In an MMT world, no real need ever costs too much because the economy works for the people’s needs. As absurd as it may sound, that is how the American government is operating currently. Trillions of dollars that were funneled into the War on Terror didn’t come from America's paychecks through tax raises. The government created the money it needed, with no real inflationary consequences on the economy. The US is in a unique position to have this power, as the issuer of the world’s most important and demanded currency.

Funding the Green Transition is truly a political issue, as opposed to an economic one. If the money is there to fix the issue, how can economists convince people that it’s worth believing in and supporting? This needs to be the ultimate focus of politicians and green climate activists. Different options exist, such as a federal jobs guarantee to support displaced workers from non-green industries. Tax cuts can be utilized as incentives as a way to placate conservative voters. There’s a myriad of ways to get this policy through, but it will take the greatest minds working on these issues to achieve it, as well as an open mind from every American voter to rethink all they’ve been taught about the economy. Different options will appeal to different voters with differing efficiencies. Two key policies are explored here.

MMT Applied: Option One

The budget deficit is calculated by subtracting government spending from taxes. So long as spending is greater than taxes, a deficit exists. If Congress were to cut taxes to incentivize a green transition, the deficit would grow. Tax cuts have long been used as an incentive to achieve desired behavior, from charitable donations to job creation, and green behaviors can be similarly supported. For example, if a company is able to transition to 100% clean energy, they could write those expenses off or receive a standard 1% cut on their income taxes. The advantage of a system like this is that it will generate strong Republican support, which generally does not back green policy. While this policy may only directly target the private sector, it in no way prohibits the government to fund a green transition for the public sector in addendum. Furthermore, the private sector is responsible for the vast majority of pollution. “100 active fossil fuel producers including ExxonMobil, Shell, BHP Billiton, and Gazprom are linked to 71% of industrial greenhouse gas emissions since 1988” (New Report Shows Just 100 Companies Are Source of over 70% of Emissions - CDP). Furthermore, less than 10% of all energy use in the United States is personal residential, meaning that the vast majority of demand for climate-destroying energy is coming from corporations (Who Is Responsible for Climate Change?). Introducing economic incentives to these firms to adapt their practices or shift their market scope will tackle the problem at its core while appeasing a constituency that would usually oppose legislation with this goal.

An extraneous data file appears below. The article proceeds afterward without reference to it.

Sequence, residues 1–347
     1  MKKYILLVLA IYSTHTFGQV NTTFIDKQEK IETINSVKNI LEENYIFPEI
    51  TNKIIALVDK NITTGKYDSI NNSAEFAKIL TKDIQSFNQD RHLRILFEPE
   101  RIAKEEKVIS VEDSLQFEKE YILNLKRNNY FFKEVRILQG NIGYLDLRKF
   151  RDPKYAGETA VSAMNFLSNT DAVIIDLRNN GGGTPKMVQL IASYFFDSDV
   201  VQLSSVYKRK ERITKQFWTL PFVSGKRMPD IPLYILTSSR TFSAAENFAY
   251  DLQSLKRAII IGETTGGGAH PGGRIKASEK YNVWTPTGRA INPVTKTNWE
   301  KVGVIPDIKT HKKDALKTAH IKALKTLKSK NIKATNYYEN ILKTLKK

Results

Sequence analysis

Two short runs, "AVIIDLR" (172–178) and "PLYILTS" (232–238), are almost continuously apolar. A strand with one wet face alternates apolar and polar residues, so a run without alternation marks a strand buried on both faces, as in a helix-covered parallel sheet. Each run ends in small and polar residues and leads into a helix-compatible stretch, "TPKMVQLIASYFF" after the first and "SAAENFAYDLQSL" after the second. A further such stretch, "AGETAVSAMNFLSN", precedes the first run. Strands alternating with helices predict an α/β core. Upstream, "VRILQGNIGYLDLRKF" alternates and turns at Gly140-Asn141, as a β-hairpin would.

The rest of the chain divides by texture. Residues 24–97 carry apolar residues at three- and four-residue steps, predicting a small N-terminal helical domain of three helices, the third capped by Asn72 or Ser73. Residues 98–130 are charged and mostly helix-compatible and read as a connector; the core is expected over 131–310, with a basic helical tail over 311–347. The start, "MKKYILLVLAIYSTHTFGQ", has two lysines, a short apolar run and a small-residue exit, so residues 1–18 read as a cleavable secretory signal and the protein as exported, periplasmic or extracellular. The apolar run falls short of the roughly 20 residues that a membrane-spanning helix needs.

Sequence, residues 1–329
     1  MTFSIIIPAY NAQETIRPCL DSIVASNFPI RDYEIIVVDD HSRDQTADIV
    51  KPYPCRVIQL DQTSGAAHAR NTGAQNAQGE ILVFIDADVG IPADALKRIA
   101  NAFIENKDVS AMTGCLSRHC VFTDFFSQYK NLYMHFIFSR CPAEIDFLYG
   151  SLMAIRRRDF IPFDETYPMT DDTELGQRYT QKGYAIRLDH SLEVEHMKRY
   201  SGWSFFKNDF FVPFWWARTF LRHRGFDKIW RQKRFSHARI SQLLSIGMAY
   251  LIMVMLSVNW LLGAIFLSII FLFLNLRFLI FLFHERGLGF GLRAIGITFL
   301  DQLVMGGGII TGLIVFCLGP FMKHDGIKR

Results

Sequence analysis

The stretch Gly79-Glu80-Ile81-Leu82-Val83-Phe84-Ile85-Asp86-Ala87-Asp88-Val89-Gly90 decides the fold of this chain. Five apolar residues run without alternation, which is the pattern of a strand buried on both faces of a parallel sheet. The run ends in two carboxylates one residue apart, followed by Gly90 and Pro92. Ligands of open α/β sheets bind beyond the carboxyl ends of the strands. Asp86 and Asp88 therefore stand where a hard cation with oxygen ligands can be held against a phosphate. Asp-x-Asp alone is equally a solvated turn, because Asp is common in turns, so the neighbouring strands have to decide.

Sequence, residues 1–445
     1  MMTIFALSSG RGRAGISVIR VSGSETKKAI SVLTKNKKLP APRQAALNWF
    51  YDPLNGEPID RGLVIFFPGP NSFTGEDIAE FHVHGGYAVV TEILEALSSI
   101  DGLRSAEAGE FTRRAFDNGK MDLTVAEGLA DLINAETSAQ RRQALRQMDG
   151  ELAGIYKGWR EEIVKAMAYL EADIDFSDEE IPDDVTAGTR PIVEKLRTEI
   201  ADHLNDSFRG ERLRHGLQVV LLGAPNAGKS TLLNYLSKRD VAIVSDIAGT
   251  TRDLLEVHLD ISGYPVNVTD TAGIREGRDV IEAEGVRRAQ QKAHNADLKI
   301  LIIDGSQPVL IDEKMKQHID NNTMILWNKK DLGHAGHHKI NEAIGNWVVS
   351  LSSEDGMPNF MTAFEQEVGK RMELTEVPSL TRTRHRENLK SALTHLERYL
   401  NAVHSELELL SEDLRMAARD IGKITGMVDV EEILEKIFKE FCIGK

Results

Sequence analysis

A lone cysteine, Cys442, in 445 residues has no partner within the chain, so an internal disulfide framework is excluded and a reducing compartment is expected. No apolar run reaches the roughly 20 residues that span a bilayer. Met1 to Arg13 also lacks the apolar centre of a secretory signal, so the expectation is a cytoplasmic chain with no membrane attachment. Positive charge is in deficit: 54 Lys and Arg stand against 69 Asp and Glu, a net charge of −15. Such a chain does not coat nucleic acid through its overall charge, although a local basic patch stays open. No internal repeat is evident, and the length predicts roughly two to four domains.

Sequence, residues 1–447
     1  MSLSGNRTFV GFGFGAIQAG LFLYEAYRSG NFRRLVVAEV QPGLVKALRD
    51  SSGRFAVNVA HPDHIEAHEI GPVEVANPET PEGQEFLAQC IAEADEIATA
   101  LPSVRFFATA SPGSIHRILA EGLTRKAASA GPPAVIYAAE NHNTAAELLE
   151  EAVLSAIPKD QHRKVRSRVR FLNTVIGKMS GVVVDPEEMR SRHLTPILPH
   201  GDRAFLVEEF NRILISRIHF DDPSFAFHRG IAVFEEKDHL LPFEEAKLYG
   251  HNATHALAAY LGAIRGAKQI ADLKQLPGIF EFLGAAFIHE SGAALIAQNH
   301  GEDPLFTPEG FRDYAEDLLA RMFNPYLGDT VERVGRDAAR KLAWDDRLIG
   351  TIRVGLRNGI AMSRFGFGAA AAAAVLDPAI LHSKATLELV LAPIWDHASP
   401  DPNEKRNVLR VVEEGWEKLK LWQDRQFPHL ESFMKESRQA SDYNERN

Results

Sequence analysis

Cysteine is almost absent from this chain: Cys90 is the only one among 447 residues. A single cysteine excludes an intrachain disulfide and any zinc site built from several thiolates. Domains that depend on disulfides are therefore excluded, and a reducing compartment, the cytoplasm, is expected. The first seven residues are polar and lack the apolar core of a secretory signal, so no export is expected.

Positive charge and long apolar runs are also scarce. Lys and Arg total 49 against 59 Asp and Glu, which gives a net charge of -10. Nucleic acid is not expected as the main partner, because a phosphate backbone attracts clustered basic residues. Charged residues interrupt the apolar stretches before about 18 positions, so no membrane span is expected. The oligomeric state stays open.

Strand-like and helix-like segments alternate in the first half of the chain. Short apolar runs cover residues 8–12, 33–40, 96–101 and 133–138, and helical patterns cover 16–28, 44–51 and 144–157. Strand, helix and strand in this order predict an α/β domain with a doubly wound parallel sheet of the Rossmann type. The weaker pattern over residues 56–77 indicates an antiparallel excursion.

However, this proposed plan poses the risk of losing Democratic support, which is building a strong platform on more aggressive corporate taxation. The more important risk of this policy, however, is the realisticness of its application. Even if Congress were to be able to pass this legislation, it will not make a real difference for the biggest polluters. The top 60 US firms have zero or negative real effective tax rates and the top 50 firms are responsible for 75% of untaxed offshore profits (Zucman). Energy producers in particular hoard the vast majority of their profits. Therefore, tax cuts will fail to incentivize changed behavior. Even if taxes were cut down to zero, it would still be more expensive to move profits to the US when you include the cost of the transition. Having no incentive to follow through on the program, corporations will simply make no changes to their production, or find loopholes in the tax system to further exploit and pay even fewer taxes without the production of any new social goods.

MMT Applied: Option Two